Jakarta and Ernest Fung

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Indonesia’s leading e-commerce and on-demand platform will use the funds raised to continue its growth plans. Shanny Basar reports.

Indonesia’s Gojek (an on-demand services and payments platform) and Tokopedia (an e-commerce specialist) have long been big domestic names. But, following their merger in May last year, the combined PT GoTo Gojek Tokopedia (GoTo Group) now represents country’s largest tech company.

Describing itself as the “go to” ecosystem for daily life in Indonesia, the world’s fourth-most populous country, it covers online shopping, ride-hailing, food delivery and fintech. The combined business encompasses close to two-thirds of all household consumption according to the firm. 

On April 11, 2022, less than a year after the merger, the combined company went public, raising $1.1bn in an initial public offering on the main board of the Indonesia Stock Exchange (IDX), representing a market capitalisation of $28bn.

It was Asia’s third-largest initial public offering (IPO) and the fifth-largest in the world this year, as well as the first listing with multiple voting rights after approval by OJK, the Indonesian financial regulator.

Local boost

Ernest Fung, head of corporate development at GoTo Group, hopes the IPO will inspire the next generation of tech entrepreneurs to list locally and enable the Indonesian population to invest in homegrown companies.

“When we started the business, tech talent was more limited,” he adds. “Our founders created businesses which inspired people to become engineers and entrepreneurs.”

Mr Fung describes the union of Gojek, advised by Goldman Sachs, and Tokopedia, advised by Citi, as a coming together of founders who have been friends and partners for a long time, and had complementary businesses. The companies first worked together in 2015 to accelerate e-commerce deliveries using Gojek’s local network of drivers. He says: “We really believe that one plus one is a lot more than two. The fact that coming together enabled us to get to a point where we could list our business was an added bonus.”

GoTo Group thought long and hard about where to go public and believed a domestic listing was the best starting point, although the prospectus included a potential international listing.

“An Indonesian IPO made a lot of sense because both institutional and retail investors use us every day,” adds Mr Fung. “They understand the ubiquity of our platform and the long-term value that it can create because of the number of lives and businesses that we touch.”

Approximately 300,000 investors participated in the offering led by joint lead underwriters PT Indo Premier Sekuritas, PT Mandiri Sekuritas and PT Trimegah Sekuritas Indonesia, which was the highest number to take part in an IPO on the IDX.

to be able to order almost anything and have it delivered on the same day is something you don’t see anywhere else

The banks were chosen to meet the needs of the company as the IPO was under new regulations, and in order to implement its Gotong Royong Share Programme, which enabled drivers, merchants, customers and employees to participate in the offering.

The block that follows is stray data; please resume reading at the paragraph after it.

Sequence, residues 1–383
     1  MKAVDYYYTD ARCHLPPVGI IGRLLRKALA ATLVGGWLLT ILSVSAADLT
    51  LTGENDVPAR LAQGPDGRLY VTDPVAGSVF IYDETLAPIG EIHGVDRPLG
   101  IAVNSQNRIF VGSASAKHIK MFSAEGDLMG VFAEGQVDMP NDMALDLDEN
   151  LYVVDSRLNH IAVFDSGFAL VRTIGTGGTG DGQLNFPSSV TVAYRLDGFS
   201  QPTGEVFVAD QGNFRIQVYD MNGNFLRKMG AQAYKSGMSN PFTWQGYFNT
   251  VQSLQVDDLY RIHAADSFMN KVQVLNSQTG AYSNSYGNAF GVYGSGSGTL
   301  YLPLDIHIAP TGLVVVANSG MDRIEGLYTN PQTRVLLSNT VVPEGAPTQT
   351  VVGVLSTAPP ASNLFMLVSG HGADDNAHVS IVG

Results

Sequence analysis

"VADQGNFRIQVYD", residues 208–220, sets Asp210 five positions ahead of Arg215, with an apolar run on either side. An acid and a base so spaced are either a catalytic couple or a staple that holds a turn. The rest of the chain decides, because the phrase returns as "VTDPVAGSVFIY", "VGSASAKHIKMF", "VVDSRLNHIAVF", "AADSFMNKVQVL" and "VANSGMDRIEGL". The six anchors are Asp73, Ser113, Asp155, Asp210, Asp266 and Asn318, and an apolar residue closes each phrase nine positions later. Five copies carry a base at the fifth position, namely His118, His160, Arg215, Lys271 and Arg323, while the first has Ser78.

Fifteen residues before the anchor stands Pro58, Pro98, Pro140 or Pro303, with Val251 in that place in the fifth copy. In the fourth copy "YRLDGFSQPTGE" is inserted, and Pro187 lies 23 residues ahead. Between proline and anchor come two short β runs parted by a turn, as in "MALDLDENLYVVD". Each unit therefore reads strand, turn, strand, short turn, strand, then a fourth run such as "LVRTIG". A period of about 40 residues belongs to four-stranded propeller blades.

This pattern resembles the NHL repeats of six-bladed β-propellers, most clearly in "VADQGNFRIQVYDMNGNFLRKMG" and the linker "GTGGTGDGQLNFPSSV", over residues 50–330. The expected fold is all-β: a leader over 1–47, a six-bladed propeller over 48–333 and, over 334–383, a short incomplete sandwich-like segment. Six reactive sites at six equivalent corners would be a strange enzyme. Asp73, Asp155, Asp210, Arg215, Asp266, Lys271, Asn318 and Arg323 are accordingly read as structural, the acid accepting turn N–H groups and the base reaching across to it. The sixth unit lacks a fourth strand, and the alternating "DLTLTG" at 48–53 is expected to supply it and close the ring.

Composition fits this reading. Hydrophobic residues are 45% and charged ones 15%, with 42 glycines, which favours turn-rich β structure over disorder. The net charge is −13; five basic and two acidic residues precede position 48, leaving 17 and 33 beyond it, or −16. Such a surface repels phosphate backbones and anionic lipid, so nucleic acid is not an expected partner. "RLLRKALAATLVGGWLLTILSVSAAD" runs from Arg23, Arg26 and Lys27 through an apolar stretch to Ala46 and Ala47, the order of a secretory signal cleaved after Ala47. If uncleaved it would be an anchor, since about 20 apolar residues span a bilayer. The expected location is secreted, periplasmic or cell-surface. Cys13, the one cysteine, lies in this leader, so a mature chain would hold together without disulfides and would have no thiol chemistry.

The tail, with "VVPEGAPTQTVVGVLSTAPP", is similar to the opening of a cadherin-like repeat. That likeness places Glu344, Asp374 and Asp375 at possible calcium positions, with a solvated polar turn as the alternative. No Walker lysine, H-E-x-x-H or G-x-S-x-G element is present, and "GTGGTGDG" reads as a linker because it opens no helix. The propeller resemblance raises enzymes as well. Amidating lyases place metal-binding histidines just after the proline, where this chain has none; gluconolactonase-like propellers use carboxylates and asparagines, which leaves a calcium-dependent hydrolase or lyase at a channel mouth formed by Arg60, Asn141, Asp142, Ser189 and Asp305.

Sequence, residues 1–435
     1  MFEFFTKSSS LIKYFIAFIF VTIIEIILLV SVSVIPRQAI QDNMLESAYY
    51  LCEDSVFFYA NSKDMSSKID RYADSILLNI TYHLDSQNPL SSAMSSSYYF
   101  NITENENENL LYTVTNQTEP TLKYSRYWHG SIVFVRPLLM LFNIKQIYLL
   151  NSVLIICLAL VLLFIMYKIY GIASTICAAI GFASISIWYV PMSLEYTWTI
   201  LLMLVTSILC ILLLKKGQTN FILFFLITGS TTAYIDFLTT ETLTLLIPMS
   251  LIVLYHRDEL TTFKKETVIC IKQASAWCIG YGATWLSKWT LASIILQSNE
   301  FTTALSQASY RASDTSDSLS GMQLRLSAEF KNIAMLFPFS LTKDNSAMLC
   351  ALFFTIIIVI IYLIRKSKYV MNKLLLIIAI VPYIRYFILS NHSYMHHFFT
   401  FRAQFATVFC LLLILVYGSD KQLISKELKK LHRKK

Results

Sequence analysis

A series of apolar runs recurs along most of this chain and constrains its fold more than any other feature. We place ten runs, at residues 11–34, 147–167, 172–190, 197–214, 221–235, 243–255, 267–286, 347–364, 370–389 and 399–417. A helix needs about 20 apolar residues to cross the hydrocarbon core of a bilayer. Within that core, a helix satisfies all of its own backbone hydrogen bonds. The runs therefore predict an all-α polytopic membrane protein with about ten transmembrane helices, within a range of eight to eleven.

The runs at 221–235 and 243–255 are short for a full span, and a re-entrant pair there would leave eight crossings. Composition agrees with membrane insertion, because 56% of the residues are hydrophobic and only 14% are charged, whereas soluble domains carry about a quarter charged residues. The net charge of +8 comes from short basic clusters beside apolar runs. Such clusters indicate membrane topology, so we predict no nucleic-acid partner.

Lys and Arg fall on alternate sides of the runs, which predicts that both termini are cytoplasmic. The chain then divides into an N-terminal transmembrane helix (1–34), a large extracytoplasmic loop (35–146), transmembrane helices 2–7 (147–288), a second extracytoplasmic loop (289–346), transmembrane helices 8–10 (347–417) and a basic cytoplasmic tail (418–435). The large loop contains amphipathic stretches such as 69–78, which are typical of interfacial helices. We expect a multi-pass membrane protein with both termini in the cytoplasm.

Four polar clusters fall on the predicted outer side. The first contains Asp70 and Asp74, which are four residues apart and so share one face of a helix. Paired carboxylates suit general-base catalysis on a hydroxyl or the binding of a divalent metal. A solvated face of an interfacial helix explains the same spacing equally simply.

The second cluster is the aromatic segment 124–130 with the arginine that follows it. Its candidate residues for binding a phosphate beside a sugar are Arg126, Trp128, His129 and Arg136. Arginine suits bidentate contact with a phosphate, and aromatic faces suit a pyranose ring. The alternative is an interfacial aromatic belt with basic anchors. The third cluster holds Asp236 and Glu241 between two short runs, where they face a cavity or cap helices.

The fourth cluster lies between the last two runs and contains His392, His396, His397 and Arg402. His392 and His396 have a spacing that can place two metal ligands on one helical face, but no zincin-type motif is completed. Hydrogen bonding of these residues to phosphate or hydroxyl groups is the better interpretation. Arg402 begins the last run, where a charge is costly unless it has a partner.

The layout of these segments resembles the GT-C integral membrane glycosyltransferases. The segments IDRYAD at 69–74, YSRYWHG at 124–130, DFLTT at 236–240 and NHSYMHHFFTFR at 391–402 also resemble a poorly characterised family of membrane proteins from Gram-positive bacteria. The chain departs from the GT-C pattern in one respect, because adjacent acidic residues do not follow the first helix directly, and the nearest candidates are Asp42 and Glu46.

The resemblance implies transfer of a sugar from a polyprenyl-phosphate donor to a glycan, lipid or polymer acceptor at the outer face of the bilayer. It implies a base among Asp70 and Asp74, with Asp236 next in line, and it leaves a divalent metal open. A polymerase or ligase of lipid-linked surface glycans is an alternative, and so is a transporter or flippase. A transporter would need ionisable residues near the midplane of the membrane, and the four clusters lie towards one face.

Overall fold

GoTo Group had many consultations with the regulators, which led to the authorisation of multiple voting rights. Mr Fung says: “The regulators have done a great job and been very progressive in changing the regulations to enable tech companies like ourselves to list.”

He highlights that the IPO was completed during volatile markets with ample demand from both institutional and retail investors, with retail allocations having to be clawed back.

Path to profitability

Although the IPO was purely for domestic funds, there has been increased interest from international investors and more overseas coverage. However, the group’s focus remains local, primarily on Indonesia, although it also has a presence in Singapore and Vietnam. Mr Fung says: “The IPO has enabled us to have the resources to execute on our business plan and we have a very clear path to profitability.”

He also highlights the potential for user cross-pollination, saying: “There is a lot of potential to cross-sell services. Overlapping users create more value, spend more on our platform, more frequently, and are more loyal … To be able to order almost anything and have it delivered on the same day, or within two hours, is something you don’t see anywhere else.”

It also plans to use its new GoTo Financial brand, which brings together its GoPay checkout service with other financial offerings, and paves the way for new services such as lending products.

One differentiator, according to Mr Fung, is that the group has an e-wallet, while competitors operate e-money licences, where users have to top up wallets before spending. He explains: “Our e-wallet licence allows users to directly draw funds from credit cards and bank accounts, which makes the experience more seamless, like Apple Pay or Google Pay.”

The global macroeconomic environment is challenging, but Mr Fung argues that Indonesia has been relatively stable. GoTo Group’s e-commerce business is positioned as an ‘everything’ store, so the company believes it can dynamically shift between consumption patterns should it need to.

“In the event of a potential slowdown in discretionary spending, people will shift towards consumer staples,” adds Mr Fung. “They will continue to spend on our platform, but the categories might be a little different.”


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